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It took two decades for the first genetically engineered animal to get approved for your dinner. Now that AquAdvantage salmon—with DNA engineered from three species—is moving forward, more genetically modified meat is likely to follow. But it’s not clear how long that will take.
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The complicated, ultra-long regulatory process means few companies are willing to try to bring genetically modified meat to market. “If you don’t have a fixed timeline to get a regulatory decision back, it provides a very unpredictable pathway for a company that might want to commercialize,” says Alison Van Eenennaam, an animal scientist at the University of California, Davis. . . .
So why bother? In the case of the salmon, the new farmed fish uses fewer resources to grow. . . .
For other animals, genetic engineering for disease resistance could also drastically save resources, and might be one way to help meet a skyrocketing global demand for meat more sustainably.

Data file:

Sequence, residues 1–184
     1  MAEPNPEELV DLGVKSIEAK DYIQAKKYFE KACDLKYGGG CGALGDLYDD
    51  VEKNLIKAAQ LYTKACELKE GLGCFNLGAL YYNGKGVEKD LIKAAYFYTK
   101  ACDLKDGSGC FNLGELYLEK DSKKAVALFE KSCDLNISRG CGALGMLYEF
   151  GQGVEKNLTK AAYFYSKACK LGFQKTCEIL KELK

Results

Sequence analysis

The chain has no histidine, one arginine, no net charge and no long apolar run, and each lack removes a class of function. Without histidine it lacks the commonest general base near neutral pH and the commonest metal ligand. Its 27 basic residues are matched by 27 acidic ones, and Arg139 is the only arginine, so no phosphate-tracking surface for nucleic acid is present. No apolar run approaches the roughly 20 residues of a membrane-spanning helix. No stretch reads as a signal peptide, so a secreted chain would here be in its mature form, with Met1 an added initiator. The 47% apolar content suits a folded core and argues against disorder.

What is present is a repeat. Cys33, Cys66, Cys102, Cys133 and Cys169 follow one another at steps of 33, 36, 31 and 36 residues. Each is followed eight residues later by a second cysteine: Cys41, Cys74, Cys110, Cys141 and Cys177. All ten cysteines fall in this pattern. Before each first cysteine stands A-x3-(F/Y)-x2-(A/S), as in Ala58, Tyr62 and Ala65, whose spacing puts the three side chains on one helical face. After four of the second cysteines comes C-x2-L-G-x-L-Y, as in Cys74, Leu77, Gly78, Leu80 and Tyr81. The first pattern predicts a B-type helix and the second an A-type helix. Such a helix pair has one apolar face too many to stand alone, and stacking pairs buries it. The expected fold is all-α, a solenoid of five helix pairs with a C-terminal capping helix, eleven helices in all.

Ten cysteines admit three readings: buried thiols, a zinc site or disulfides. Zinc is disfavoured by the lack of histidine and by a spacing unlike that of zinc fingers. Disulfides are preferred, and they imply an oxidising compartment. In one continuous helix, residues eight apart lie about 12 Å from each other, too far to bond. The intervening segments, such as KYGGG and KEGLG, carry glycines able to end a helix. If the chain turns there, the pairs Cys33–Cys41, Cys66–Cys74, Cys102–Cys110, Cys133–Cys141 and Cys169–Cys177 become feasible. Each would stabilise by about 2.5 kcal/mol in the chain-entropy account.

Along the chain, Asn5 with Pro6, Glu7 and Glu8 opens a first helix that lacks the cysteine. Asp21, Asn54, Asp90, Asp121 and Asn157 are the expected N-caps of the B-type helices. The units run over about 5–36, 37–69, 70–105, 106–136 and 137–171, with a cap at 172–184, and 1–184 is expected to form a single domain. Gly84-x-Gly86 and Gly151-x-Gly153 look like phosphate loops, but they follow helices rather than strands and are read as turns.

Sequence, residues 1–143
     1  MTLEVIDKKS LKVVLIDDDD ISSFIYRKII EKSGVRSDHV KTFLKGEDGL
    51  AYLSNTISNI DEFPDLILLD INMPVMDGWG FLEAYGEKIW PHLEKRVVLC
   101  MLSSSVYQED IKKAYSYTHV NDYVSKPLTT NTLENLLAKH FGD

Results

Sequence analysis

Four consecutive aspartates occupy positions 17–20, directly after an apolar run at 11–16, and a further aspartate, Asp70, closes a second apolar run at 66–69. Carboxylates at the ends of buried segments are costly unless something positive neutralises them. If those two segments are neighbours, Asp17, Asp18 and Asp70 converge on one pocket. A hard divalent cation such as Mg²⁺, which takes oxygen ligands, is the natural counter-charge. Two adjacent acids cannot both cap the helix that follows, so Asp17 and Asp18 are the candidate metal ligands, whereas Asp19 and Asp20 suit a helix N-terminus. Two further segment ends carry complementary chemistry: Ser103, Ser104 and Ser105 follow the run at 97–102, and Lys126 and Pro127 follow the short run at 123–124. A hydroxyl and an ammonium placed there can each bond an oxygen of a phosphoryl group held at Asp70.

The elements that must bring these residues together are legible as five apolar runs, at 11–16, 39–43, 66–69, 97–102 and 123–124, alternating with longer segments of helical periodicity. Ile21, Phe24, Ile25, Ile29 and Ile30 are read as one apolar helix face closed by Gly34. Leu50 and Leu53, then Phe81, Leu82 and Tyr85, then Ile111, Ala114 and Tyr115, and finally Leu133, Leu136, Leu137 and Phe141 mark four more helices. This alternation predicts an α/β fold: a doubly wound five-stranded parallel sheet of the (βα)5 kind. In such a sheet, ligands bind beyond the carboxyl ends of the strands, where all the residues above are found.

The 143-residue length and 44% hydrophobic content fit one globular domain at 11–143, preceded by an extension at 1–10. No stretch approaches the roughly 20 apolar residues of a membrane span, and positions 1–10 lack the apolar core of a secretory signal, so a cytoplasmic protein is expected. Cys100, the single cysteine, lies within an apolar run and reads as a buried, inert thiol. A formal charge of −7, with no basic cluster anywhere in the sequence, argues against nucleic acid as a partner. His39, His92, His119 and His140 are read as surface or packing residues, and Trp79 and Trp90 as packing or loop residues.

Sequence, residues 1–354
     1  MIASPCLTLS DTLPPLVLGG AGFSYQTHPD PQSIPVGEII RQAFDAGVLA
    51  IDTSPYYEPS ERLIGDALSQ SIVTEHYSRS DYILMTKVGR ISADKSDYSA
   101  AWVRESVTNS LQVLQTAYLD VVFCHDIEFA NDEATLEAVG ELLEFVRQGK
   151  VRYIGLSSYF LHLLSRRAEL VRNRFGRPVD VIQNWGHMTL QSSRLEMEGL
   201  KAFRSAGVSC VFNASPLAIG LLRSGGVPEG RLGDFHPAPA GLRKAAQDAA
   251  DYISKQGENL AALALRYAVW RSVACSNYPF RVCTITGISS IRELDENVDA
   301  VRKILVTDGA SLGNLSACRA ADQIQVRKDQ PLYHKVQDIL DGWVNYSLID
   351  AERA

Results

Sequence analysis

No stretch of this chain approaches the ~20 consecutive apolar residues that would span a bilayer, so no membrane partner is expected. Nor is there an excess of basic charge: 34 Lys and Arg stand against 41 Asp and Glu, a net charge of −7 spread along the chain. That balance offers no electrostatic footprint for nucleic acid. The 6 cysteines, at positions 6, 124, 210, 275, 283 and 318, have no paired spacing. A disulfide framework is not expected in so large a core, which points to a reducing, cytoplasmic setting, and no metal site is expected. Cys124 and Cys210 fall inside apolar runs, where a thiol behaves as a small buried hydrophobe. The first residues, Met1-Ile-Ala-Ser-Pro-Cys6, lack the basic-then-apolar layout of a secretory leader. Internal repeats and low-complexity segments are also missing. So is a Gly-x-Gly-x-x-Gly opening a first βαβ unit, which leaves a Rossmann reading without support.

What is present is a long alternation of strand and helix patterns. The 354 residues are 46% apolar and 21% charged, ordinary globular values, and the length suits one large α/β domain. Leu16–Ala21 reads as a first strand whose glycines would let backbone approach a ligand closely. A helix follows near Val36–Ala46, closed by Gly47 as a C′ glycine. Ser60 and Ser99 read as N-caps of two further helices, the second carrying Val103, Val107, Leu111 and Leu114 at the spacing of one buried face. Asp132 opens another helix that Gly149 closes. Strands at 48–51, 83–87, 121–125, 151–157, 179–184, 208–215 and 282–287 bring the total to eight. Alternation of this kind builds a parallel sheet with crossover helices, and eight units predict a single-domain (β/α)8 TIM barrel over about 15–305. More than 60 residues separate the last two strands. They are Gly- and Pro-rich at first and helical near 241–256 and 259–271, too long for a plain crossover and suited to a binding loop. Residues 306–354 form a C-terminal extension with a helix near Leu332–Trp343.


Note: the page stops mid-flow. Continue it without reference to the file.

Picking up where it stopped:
“We lose 20% of all animal protein to disease,” says Van Eenennaam. “I think disease resistant animals fit into every single sustainability box you want to mention—animals don’t suffer, they don’t use antibiotics, their productivity’s better. . . we could actually make a difference with this technique in a way that we couldn’t using conventional breeding.”
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The FDA can’t legally disclose the products it’s evaluating, so it’s hard to say what might be next. But Van Eenennaam, like others studying genetic engineering, is hoping that the next animal will have an easier path.
Read full, original post: What Genetically Engineered Animal Will Land On Your Dinner Plate Next?